Americans tend to lapse into the present tense when speaking of the past much more commonly than Brits do. 'I'm in the kitchen and there's this terrific bang and I dive under the table' is distinctively American. Perhaps the British rate the past more highly than their trans-Atlantic cousins. People in Britain might call children kids, but not in newspaper headlines or on television news. Americans tend to prefer the ugly monosyllable 'kids' to the rather beautiful word 'children,' seemingly content to regard their offspring as small, smelly goats.
American road signs tend to be more colloquial than British ones. 'Wrong Way─Go Back' or 'Ped Xing' are too idiomatic for the British. The road sign 'Way Out' in the U.K. is not a relic of the hippie era but means 'Exit.' There used to be signs on garbage cans in Britain which read 'Refuse to Be Put in This Basket,' which are puzzling only until you realize that 'refuse' can mean 'trash.'
Brits and Americans, in short, are more alien to each other than they usually imagine. Every now and then, an American will reveal that he or she does not understand the word 'fortnight,' has never used a teapot or does not know how to boil an egg. At such times one can feel the NATO alliance straining and buckling.
(─Mr. Eagleton is distinguished visiting professor at the University of Notre Dame. His 'Across the Pond: An Englishman's View of America' will be published Monday by W.W. Norton.)

不久前,一位美国朋友在爱尔兰西部开车时有些过猛,结果被警察拦到了路边。“万一你撞上了‘雾先生’(Mr. Fog)该怎么办?“那名警察粗暴地问道,说话带有浓重的爱尔兰土腔。朋友对这种高高在上的质问感到不悦,语带强烈讽刺地回答道:“嗯,我想我会把‘脚先生’搭在‘刹车先生’上面吧。“结果,那名警察以非常异样的眼神盯着我的朋友,大吼道:“我说的是‘mist or fog’。“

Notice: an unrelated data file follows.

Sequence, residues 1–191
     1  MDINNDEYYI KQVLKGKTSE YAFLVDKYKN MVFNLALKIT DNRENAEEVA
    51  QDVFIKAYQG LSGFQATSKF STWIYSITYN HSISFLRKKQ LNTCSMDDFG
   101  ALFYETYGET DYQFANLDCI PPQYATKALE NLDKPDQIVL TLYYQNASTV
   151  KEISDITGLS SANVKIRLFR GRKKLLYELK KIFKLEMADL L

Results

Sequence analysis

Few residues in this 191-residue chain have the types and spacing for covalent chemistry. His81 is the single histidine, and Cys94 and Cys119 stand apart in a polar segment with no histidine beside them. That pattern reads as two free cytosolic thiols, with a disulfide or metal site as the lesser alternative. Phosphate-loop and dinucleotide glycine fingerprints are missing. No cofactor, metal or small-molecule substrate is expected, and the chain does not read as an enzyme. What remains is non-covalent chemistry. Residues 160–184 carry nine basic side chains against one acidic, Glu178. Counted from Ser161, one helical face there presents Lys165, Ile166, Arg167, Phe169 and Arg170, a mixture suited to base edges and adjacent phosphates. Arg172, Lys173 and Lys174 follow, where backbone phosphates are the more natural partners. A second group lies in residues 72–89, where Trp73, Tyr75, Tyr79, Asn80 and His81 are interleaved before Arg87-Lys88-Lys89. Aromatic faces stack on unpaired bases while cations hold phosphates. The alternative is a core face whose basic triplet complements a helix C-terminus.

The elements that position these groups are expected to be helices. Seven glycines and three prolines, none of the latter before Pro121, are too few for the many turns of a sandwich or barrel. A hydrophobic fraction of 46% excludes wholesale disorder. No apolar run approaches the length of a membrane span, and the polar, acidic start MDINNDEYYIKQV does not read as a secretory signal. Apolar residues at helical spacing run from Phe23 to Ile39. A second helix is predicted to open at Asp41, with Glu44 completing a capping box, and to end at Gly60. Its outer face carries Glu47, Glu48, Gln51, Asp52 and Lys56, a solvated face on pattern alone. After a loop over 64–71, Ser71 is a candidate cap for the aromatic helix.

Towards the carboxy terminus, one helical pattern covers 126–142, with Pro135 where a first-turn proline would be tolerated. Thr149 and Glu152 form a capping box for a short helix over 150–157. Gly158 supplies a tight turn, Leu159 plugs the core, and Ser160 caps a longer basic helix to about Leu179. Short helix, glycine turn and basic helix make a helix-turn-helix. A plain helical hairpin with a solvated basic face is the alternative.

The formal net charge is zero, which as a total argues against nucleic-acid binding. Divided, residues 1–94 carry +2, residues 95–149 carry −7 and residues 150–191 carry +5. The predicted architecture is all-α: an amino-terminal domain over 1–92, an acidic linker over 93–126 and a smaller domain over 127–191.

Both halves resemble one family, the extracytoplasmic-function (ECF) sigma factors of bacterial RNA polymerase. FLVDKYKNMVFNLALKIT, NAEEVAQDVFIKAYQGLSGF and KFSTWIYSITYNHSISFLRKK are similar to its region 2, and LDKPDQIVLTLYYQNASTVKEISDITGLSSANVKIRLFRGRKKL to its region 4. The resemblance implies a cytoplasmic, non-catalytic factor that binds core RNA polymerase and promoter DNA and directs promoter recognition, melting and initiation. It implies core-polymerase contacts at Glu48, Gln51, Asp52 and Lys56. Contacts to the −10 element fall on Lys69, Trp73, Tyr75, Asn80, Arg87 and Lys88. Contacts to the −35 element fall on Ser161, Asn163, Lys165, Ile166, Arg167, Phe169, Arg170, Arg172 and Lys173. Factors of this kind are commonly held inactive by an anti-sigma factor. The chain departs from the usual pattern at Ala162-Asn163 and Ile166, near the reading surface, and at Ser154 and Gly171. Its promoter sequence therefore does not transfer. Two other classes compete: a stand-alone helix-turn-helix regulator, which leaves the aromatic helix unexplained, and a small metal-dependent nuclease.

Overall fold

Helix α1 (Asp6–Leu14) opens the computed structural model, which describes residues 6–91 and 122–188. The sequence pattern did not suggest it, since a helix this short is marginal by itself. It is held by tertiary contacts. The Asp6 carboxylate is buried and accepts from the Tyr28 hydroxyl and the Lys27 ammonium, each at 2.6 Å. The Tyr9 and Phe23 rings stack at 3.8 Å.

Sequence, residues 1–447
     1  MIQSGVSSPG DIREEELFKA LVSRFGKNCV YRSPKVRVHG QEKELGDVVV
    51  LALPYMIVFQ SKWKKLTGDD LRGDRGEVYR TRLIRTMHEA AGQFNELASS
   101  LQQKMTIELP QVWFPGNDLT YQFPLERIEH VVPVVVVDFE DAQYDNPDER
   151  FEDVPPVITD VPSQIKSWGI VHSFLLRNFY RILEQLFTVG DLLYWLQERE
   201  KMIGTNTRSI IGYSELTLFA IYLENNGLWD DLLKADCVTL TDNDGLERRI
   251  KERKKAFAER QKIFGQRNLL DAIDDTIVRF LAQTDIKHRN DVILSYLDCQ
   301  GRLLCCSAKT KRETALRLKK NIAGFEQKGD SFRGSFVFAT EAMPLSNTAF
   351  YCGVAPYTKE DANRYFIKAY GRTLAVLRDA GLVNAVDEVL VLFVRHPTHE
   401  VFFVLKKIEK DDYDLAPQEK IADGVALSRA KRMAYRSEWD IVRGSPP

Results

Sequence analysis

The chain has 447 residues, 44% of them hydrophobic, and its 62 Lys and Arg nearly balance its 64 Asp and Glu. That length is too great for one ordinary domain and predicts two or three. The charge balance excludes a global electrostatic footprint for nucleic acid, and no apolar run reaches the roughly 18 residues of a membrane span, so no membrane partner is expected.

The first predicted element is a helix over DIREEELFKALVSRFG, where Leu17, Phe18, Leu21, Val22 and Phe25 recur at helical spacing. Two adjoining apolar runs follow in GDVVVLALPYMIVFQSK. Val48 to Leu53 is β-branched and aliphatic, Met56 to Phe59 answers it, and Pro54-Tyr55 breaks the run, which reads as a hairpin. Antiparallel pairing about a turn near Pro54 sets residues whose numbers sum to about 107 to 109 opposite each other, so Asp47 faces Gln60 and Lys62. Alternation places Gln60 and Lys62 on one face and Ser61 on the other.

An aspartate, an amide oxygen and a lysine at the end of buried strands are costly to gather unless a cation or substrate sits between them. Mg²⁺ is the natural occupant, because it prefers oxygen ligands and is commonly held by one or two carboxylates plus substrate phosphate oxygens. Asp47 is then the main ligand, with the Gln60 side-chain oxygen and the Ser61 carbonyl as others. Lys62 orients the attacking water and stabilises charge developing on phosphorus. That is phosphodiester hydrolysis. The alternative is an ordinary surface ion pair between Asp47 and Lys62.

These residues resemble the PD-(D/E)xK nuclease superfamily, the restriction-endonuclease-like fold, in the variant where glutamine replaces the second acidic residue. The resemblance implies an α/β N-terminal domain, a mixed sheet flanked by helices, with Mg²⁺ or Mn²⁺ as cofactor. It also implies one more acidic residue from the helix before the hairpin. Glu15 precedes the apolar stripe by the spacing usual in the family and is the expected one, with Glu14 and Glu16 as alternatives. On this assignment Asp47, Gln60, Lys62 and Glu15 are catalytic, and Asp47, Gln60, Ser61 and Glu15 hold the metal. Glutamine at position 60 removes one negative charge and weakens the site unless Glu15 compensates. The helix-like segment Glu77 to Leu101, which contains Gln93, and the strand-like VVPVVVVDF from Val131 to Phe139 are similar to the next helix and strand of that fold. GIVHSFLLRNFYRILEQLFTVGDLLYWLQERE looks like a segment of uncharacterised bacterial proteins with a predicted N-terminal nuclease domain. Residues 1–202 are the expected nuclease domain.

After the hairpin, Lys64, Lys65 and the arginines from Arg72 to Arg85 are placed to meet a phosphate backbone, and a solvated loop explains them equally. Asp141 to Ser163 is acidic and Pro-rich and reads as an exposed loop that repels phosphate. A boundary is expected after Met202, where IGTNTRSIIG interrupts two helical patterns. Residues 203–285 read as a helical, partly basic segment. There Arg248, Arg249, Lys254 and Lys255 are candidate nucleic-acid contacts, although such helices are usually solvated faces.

英国人表达感谢通常不会说“I appreciate it“,也没有have a hard time(很辛苦)、zero in(把注意力集中于)、reach out to other people(联系他人)和stay focused(专心致志)这样的说法。他们在想休息时不会要求“given a break“,也不会使用“bottom line“(底线)或“get blown away“(惊叹不已)这些词。在英国人听来,与“frightening“或“alarming“相比,“scary“一词听起来极其幼稚,就像把“屁股“说成“小屁屁“一样。此外,他们一般也不会用“awesome“这个词,而若是在美国禁用这个词,飞机恐怕都要从天空坠落,汽车也要从高速公路冲出去了。
在大西洋彼岸,使用“aggressive“一词来表达正面意义听上去非常奇怪,英国人觉得这几乎就像赞美别人奇丑无比一样怪异。在美国年轻人当中盛行的、说话时每四秒钟就加上 “like“一词的习惯如今在英国也流行开来了。这或许与试着让自己的话听上去不那么傲慢专断有关。例如,“It's 9 o'clock“听上去比较独断,让人不悦,而“It's, like, 9 o'clock“听起来则是适宜的商榷口吻,不显得像是说教。欧洲有传闻称,如今在美国甚至能发现有墓碑上写着“To Our Beloved Son, Brother and, Like, Husband“这样的碑文。
“To feel comfortable with“(觉得……很舒适)这个词组是典型的美式说法。英国人通常不会说“"we feel comfortable with using this taxi firm“(我们觉得坐这家出租车公司的车很舒服),就如同他们绝不会觉得遭到鞭打直到鲜血从大腿上流下来会很舒服。
美国人在借道时一般会说“Excuse me“,而英国人则说“Sorry“。即便距离别人还有10步的距离,美国人也会说“Excuse me“,因为他们习惯的间隔空间要比欧洲人大很多。当你听到别人总是无缘无故地不断说“Sorry“时,你就知道你到了英国。
在讲述过去的事情时,美国人比英国人更常使用现在时态。“I'm in the kitchen and there's this terrific bang and I dive under the table“是美国人特有的风格。这或许是因为,英国人比他们在大西洋彼岸的堂亲更重视过去。英国人可能也会叫小孩子“kid“,但他们在报刊标题或电视新闻中不会使用这个词。美国人对不甚优美的单音节词“kids“的喜爱多过对优美的“children“的喜爱,似乎很乐意把他们的后代视为散发着膻味的小山羊(译者注:“kid“也有小山羊的意思)。
美国的路标也往往比英国的路标更口语化。“Wrong Way─Go Back“(走错路--请返回)或“Ped Xing“(斑马线)在英国人看来都过于俗语化了。在英国,“Way Out“并非嬉皮士时代的遗留物(该词有“反传统、非主流“之意),它的意思是“出口“。英国的垃圾箱上过去常常写着“Refuse to Be Put in This Basket“这样的话,着实让人摸不着头脑,直到你意识到“refuse“也有“垃圾“的意思时才恍然大悟。
简而言之,英国人与美国人之间的差异比他们通常想象的要大。时不时会有美国人说他们不知道“fortnight“(两星期)的意思,从来没用过teapot(茶壶),也不知道如何boil an egg(煮鸡蛋)。在这时候,你就会感觉到北约(NATO)的这两个盟友似乎是被生拉硬拽在了一起的。
(本文作者为美国圣母大学(University of Notre Dame)特聘客座教授。其著作《大洋彼岸:一名英国人眼中的美国》(Across the Pond: An Englishman's View of America)已由W.W. Norton出版公司出版。)